For The Second Straight Year, Iceland Will Not Be Hunting Whales -->

For The Second Straight Year, Iceland Will Not Be Hunting Whales

Iceland's two whaling companies will not be hunting whales this summer for the second straight year.

Icelandic whaling company IP-Utgerd announced on April 24 that it is stopping whaling completely, while the country's largest whaling firm, Hvalur, says it won't be hunting any whales this year, primarily due to social distancing.


Since whaling is limited in Iceland to the summer months, the announcement means no whales will be hunted off the subarctic coasts for the second year in a row.

For IP-Utgerd, the hunt had become too expensive after a no-fishing coastal zone was extended, requiring whalers to go even further offshore.

"I'm never going to hunt whales again, I'm stopping for good," IP-Utgerd managing director Gunnar Bergmann Jonsson told AFP.

Hvalur said it was canceling the season due to stiff competition with Japan and restrictions linked to the Coronavirus.

In the past, Hvalur sold most of its whale meat to Japan, but the company is not currently able to compete with Japan's own whale meat products, which are subsidized by the Japanese government. Japan now has strict requirements for imported whale meat, which has made dealings with Japan even more difficult.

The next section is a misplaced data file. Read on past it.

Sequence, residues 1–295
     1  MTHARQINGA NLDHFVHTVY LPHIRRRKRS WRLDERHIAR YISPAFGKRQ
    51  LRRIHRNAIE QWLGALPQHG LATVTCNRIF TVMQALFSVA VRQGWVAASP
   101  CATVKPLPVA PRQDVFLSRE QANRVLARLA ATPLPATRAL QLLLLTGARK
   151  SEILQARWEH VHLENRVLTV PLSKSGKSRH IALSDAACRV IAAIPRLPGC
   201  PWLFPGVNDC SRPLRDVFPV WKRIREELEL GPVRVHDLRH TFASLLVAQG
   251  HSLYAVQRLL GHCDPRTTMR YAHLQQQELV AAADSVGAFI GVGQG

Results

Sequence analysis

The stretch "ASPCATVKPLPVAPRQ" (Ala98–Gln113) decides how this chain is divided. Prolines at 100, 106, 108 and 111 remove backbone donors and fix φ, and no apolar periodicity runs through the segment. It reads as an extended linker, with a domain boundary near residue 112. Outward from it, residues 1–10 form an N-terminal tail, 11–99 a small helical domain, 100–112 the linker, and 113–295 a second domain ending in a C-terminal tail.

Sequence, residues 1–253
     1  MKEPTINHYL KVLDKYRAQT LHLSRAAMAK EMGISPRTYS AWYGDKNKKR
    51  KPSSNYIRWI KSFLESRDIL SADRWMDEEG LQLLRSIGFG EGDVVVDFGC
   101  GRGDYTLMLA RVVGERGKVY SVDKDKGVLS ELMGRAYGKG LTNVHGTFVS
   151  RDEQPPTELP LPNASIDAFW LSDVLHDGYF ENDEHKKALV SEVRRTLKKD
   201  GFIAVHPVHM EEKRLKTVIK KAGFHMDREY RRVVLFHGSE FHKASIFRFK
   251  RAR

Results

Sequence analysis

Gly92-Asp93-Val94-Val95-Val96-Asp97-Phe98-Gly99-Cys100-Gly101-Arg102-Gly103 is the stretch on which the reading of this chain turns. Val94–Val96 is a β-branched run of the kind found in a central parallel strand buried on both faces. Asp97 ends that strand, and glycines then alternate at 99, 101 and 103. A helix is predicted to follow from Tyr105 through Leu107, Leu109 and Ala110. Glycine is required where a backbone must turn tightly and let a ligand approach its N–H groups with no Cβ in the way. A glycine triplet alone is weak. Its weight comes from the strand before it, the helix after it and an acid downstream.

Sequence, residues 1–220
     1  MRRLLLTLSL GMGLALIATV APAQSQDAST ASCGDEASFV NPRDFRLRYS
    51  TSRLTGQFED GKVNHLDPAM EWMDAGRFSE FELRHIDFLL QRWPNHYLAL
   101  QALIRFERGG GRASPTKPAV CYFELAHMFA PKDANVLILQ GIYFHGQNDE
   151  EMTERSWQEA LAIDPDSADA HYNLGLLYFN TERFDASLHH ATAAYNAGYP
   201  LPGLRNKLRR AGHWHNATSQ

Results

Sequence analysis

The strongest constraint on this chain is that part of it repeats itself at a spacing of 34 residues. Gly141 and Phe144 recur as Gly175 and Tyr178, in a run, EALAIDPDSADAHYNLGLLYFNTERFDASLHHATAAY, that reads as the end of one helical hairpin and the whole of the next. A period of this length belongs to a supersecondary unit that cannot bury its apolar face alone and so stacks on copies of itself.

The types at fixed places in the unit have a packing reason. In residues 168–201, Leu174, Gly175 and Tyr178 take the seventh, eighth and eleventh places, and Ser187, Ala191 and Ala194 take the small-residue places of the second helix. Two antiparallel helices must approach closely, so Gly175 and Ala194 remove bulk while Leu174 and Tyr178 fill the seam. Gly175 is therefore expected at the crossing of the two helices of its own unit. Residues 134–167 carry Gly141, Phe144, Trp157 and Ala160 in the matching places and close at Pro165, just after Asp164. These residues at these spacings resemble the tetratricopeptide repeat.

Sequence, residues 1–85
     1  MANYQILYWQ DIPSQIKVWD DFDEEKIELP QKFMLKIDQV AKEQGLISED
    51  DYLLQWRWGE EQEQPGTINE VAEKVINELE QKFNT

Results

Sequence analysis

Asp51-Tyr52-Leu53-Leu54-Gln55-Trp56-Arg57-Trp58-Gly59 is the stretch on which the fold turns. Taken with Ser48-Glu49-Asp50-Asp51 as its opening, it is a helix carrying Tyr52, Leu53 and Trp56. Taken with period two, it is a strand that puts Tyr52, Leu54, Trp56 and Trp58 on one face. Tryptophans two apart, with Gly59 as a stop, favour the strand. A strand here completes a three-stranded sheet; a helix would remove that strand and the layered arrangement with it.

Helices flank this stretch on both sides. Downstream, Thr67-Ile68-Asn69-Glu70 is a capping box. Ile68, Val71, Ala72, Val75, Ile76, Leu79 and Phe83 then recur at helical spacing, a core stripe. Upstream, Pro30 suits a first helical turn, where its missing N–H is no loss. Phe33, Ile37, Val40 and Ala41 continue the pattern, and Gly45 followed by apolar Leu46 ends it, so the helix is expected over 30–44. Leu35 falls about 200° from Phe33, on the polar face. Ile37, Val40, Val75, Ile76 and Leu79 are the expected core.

Additionally, the COVID-19 outbreak has made it near impossible for the company to process the meat, since workers would need to be in close proximity to each other, and social distancing rules would be difficult to follow.

For conservationists, this interruption to whaling is good news.

"This is indeed terrific news that for a second straight year, vulnerable fin whales will get a reprieve from Hvalur's harpoons, the sole fin whaling company," Fabienne McLellan, co-director of international relations at Ocean Care, told Mongabay. "This said, fin whaling has been suspended in Iceland in the past, only to resume. While it looks promising that whaling in Iceland might stop for good, the temporary cessation of fin whaling must become permanent."

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